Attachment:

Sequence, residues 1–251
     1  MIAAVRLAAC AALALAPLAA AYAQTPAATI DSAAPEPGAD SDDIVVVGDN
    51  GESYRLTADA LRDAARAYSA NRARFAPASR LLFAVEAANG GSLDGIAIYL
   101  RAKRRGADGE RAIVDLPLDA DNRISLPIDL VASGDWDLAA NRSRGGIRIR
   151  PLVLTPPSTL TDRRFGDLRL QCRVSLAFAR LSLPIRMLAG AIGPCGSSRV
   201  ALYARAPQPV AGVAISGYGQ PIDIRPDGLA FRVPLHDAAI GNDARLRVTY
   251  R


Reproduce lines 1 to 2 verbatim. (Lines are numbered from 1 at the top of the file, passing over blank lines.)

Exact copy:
Sequence, residues 1–251
     1  MIAAVRLAAC AALALAPLAA AYAQTPAATI DSAAPEPGAD SDDIVVVGDN